The Loving Dead
Amelia Beamer
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Buy *The Loving Dead* by Amelia Beamer

The Loving Dead
Amelia Beamer
Night Shade Books
272 pages
July 2010
rated 5 of 5 possible stars

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The Loving Dead by Amelia Beamer is that rare commodity: a novel that brilliantly combines dark humor, hot sex, and, well, zombies.

Not that there haven’t been other great zombie novels with lots of dark humor in them - one that comes to mind immediately is The Zombies of Lake Woebegotten by Harrison Geillor, a satire of both zombie novels and the stylings of Garrison Keillor of A Prairie Home Companion fame/infamy, whatever way you choose to look at his prose). But kudos to Amelia Beamer for The Loving Dead, because her novel also has hot, kinky sex in it and makes you think of zombies in a whole new light. Beamer posits the original and inspired idea of people turned into zombies not because of some strange meteorite shower or a manmade virus that escaped a government lab, but from a mutated STD spread by sex with an infected partner. Or, of course, you could contract the disease through the bite of someone who has the STD.

The novel focuses primarily on the results of the STD spreading through the points of view of several young adults sharing a rental house in California’s Oakland Hills. Michael, the primary renter, throws a costume party one night; Kate, another major character who splits the rent there, brings her belly dance instructor, Jamie, to the party. Jamie is into sex with women, and during the course of the evening, she asks Kate to tie her to Kate’s bed, where they become intimately involved.

Jamie is the first person in the novel to change into a zombie. While tied up, she feels odd and says the words that every other character who changes into a zombie says (or paraphrases): “Something’s happening.” She moans, her eyes go a milky white color “as if cataracts had suddenly developed,” she bares her teeth, her skin turns “ashen grey” and her tongue turns to “the color of a well-done burger.” None of these signs can be considered a change for the better.

Kate backs away to avoid getting bitten but nonetheless subsequently changes into a zombie herself. Cameron, who along with almost everyone else there thinks this is all just an act or a joke, wants to get him some zombie action (granted, he doesn’t really believe at the time Jamie is a zombie). The inevitable happens - Jamie bites off a chunk of his bottom lip, and it’s not long before others become zombies, too.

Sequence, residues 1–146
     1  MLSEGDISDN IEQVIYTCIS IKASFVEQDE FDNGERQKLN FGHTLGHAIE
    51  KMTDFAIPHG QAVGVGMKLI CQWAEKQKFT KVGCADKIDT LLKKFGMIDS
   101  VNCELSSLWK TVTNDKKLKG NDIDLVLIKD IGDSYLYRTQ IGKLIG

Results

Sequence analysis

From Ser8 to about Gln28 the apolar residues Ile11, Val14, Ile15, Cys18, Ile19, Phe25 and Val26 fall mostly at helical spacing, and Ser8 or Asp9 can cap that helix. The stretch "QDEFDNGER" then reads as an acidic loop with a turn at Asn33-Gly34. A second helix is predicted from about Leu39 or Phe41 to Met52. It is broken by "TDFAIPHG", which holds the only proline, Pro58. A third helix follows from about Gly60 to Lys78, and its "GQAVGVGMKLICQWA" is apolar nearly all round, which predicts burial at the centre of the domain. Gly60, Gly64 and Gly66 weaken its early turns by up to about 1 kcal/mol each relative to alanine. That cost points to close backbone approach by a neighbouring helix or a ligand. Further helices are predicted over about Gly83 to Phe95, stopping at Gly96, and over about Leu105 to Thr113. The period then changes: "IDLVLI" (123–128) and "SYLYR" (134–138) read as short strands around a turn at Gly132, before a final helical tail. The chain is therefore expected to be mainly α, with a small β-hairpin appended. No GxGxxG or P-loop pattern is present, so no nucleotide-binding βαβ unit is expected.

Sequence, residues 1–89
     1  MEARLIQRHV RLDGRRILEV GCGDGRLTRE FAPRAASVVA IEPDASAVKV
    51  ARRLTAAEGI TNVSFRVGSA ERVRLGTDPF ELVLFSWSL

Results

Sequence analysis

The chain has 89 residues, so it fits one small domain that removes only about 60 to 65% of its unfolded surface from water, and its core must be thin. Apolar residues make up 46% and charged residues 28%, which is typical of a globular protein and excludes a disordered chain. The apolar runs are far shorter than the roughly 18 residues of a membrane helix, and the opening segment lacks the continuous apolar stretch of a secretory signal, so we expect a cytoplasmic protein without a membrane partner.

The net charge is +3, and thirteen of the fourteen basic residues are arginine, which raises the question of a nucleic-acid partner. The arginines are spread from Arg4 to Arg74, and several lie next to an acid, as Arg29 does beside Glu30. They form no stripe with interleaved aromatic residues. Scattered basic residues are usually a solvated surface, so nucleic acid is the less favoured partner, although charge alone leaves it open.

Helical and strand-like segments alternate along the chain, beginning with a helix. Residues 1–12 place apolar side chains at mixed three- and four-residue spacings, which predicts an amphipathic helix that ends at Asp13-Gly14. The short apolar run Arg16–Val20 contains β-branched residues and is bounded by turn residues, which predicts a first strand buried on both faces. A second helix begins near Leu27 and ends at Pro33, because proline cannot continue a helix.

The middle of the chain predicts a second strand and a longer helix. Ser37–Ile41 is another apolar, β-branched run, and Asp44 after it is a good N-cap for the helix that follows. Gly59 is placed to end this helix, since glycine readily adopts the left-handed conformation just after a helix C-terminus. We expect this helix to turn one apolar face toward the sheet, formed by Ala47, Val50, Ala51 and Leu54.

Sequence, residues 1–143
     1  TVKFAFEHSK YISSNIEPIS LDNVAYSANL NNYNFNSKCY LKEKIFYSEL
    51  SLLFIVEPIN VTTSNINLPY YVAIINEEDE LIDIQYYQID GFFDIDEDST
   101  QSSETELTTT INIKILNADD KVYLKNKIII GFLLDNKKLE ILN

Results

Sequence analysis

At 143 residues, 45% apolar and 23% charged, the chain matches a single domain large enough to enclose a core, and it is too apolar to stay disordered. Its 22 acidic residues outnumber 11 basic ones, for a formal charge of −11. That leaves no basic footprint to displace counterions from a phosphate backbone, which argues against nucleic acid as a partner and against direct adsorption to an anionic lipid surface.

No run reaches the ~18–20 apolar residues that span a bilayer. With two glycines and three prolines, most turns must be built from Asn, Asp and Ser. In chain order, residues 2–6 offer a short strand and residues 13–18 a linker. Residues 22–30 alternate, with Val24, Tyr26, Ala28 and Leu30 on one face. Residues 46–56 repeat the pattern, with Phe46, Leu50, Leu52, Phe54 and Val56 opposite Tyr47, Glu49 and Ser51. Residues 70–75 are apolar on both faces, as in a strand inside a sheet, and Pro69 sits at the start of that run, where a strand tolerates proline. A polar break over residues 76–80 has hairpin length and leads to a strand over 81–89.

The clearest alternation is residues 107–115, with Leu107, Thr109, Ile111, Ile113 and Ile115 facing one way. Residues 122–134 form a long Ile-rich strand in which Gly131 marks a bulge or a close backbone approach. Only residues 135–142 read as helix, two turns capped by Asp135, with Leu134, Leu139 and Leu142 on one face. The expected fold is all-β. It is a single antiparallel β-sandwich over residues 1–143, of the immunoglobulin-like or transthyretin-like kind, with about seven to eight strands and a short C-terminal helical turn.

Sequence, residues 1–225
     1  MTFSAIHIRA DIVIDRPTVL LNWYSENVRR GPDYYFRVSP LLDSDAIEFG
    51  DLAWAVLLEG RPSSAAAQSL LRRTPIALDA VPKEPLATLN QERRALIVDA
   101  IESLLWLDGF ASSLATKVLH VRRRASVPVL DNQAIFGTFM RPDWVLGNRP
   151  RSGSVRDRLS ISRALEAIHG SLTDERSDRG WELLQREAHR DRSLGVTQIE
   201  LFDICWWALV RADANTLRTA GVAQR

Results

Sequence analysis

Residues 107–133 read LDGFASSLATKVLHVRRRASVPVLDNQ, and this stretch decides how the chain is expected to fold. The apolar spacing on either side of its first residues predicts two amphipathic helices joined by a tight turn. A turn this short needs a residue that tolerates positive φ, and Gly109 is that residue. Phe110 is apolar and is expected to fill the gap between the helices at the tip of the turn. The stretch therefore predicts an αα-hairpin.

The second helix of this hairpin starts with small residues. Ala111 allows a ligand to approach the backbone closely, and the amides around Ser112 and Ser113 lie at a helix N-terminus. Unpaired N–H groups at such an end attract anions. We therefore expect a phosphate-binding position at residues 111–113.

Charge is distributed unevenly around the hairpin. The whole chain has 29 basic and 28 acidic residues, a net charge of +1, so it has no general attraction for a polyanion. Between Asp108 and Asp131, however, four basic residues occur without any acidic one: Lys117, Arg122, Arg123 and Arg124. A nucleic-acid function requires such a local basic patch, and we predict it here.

Michael and Audrey, another partygoer and former girlfriend of Cameron, somehow aren’t changed into zombies. Michael ties Cameron to a shower door in the bathroom and considers calling an ambulance. He doesn’t, being both too cheap and likely afraid of what might happen. The party rolls on. He has a romantic interlude with Kate at the house (watching Shaun of the Dead on DVD). Their worry and fear surrounding the zombiefication of their friends doesn’t stop them from getting on with their own lives. In the morning, Michael drives Kate to her parked car since she needs to get to work at Trader Joe’s.

This is a totally fabricated reason by Kate. The real reason for her departure is a scheduled rendezvous with a married fifty-something man, Walter - her sugardaddy. He’s arranged for them to go on a zeppelin ride, followed by dinner then on to a fancy motel where he’s booked a room. The zeppelin ride is one of my favorite parts of the book - an infected young woman becomes a zombie and spreads the disease through biting other people aboard, until almost everyone on the zeppelin changes into a zombie. Kate tries to warn the passengers and stop the young woman from attacking others by using Walter’s belt to bind her arms, but the woman’s father doesn’t believe his daughter could be becoming a zombie. He, of course, is one of her first victims. The only way Kate and Walter avoid becoming victims is by locking themselves in the zeppelin’s restroom of the zeppelin.

The Loving Dead is hot in a very twisted way, and author Amelia Beamer’s take on zombies being created through STDs is original and makes for a wickedly fun read. With all the real horrors we face today - flesh-eating viruses and AIDS, to name a few - a mutant STD that causes a person to change into a zombie doesn’t seem as far-fetched as it might have a few short decades ago. The Loving Dead is recommended to fans of general horror, even more so for aficionados of zombie novels featuring a liberal lacing of spicy sex and dark humor.

Originally published on Curled Up With A Good Book at © Douglas R. Cobb, 2010

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